Trypan blue and propidium iodide were both useful dyes to assess oncosphere viability in experimental infections with T. solium eggs obtained from chinchillas ; however, in the present study, TB had a better match with infectivity and was technically easier to perform, since a UV light microscope is not necessary to observe the stain. Our results demonstrate that the experimental model of Taenia pisiformis in golden hamster is an alternative for providing eggs and adult tapeworms to be used in different types of experiments,.
Loss-Frank B: An up-date of Verster's (1969) "Taxonomic revision of the genus Taenia Linnaeus" (Cestoda) in table format. Syst Parasitol. 2000, 45: 155-183. 10.1023/A:1006219625792.
Smyth JD, McManus DP: The physiology and biochemistry of cestodes. 1989, Cambridge: Cambridge University Press. United Kingdom
Artis D: New weapons in the war on worms: identification of putative mechanisms of immune-mediated expulsion of gastrointestinal nematodes. Int J Parasitol. 2006, 36: 723-33. 10.1016/j.ijpara.2006.02.011.
Weinstock JV: Helminths and mucosal immune modulation. Ann N Y Acad Sci. 2006, 1072: 356-645. 10.1196/annals.1326.033.
Kamiya M, Sato H: Complete life cycle of the canid tapeworm, Echinococcus multilocularis, in laboratory rodents. FASEB Journal. 1990, 4: 3334-3339.
Maravilla P, Avila G, Cabrera V, Aguilar L, Flisser A: Comparative development of Taenia solium in experimental models. J Parasitol. 1998, 84: 882-886. 10.2307/3284613.
Verster A: Preliminary report on the golden hamster as a definitive host of Taenia solium Linnaeus, 1758 and Taenia saginata Goeze, 1782. Onderstepoort J Vet Res. 1971, 38: 63-64.
Avila G, Aguilar L, Benitez S, Yepez-Mulia L, Lavenat I, Flisser A: Inflammatory responses in the intestinal mucosa of gerbils and hamsters experimentally infected with the adult stage of Taenia solium. Int J Parasitol. 2002, 32: 1301-1308. 10.1016/S0020-7519(02)00124-8.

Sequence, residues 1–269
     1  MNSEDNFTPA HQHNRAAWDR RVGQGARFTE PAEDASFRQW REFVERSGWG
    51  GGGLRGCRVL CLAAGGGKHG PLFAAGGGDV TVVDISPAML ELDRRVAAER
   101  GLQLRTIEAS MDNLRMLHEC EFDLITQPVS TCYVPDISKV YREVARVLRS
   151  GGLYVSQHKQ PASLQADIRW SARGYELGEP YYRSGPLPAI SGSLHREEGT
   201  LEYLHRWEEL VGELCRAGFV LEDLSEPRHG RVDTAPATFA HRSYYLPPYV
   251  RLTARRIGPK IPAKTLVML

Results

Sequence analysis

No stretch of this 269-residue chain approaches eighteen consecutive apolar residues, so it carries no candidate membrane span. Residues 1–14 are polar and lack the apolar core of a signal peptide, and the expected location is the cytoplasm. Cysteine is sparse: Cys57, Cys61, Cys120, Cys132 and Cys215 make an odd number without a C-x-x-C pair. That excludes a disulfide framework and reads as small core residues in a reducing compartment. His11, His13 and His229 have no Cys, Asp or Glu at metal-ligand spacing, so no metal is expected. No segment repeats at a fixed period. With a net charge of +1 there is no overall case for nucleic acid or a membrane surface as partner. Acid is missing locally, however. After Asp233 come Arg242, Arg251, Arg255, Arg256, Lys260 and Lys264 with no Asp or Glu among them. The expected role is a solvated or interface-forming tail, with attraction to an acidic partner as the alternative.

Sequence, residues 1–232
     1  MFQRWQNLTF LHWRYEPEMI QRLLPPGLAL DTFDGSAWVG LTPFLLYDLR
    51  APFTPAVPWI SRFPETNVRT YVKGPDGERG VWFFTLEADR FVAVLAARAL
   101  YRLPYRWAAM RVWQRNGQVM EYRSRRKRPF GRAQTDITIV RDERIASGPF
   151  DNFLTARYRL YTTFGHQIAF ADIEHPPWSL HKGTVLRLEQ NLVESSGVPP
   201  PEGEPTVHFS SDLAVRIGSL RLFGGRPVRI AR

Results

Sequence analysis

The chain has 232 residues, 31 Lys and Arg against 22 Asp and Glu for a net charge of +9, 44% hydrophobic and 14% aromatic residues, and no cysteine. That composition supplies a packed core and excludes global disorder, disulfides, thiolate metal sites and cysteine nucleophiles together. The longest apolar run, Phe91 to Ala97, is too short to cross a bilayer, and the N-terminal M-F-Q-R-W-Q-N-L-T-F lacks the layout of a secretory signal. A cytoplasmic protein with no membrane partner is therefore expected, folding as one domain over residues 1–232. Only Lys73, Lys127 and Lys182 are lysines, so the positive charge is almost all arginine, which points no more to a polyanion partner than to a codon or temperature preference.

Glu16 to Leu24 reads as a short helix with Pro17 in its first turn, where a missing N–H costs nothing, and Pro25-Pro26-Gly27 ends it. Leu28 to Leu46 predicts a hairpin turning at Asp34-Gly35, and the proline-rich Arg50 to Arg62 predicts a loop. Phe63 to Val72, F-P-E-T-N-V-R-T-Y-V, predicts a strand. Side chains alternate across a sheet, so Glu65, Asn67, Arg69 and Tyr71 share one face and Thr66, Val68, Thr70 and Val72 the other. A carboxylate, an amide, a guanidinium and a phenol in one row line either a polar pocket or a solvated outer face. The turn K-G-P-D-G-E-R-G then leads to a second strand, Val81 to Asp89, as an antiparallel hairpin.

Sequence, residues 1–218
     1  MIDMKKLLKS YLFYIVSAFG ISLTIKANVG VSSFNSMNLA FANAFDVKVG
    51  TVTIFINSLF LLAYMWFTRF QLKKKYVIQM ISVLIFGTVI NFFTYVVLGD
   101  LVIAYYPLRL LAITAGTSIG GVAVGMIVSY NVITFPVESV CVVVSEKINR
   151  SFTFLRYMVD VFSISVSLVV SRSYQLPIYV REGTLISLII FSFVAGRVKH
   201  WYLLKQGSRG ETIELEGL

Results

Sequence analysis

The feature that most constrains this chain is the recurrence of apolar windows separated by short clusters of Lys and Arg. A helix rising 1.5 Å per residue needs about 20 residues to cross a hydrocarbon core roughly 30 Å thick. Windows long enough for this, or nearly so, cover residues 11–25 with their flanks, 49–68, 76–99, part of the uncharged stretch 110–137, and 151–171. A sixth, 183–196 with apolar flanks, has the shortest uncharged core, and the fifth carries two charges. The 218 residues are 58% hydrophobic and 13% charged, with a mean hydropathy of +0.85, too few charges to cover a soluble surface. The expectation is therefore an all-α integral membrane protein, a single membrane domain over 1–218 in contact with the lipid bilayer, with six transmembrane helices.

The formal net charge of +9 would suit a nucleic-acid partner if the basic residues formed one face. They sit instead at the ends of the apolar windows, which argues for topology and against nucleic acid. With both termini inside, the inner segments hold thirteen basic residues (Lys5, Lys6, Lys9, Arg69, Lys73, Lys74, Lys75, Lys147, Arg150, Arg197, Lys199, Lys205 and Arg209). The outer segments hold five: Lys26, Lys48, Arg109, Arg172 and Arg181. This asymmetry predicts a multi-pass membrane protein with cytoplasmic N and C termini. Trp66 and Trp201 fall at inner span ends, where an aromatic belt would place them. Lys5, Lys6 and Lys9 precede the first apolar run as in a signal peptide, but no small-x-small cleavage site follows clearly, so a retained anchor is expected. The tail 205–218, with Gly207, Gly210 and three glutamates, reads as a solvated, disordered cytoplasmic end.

Avila G, Benitez M, Aguilar-Vega L, Flisser A: Kinetics of Taenia solium antibodies and antigens in experimental taeniosis. Parasitol Res. 2003, 89: 284-289.
Avila G, Teran N, Aguilar-Vega L, Maravilla P, Mata-Miranda P, Flisser A: Laboratory animal models for human Taenia solium. Parasitol Int. 2006, 55 (Suppl): S99-S103.
Andersen K: The development of the tapeworm Diphyllobothrium latum (L. 1756) (Cestoda; Pseudophyllidea) in its definitive hosts, with special references to the growth patterns of D. dendriticum (Nitzsch, 1824) and D. ditremum (Creplin, 1827). Parasitology. 1978, 77: 111-120. 10.1017/S0031182000048770.
Sato H, Oku Y, Rausch RL, Kamiya M: Establishment and survival of the strobilar stage of Taenia crassiceps in hamsters, gerbils, and mice, with reference to different helminth isolates. Parasitol Res. 1993, 79: 619-623. 10.1007/BF00932501.
Sato H, Kamiya H, Oku Y, Kamiya M: Infection course of the strobilar stage of Taenia crassiceps in golden hamsters, with reference to host responses. Parasitol Res. 1994, 80: 99-103. 10.1007/BF00933774.
American Association for Laboratory Animal Science: Position Statements. [http://www.aalas.org/association/position_statements.aspx#ScientificBasisforRegulation]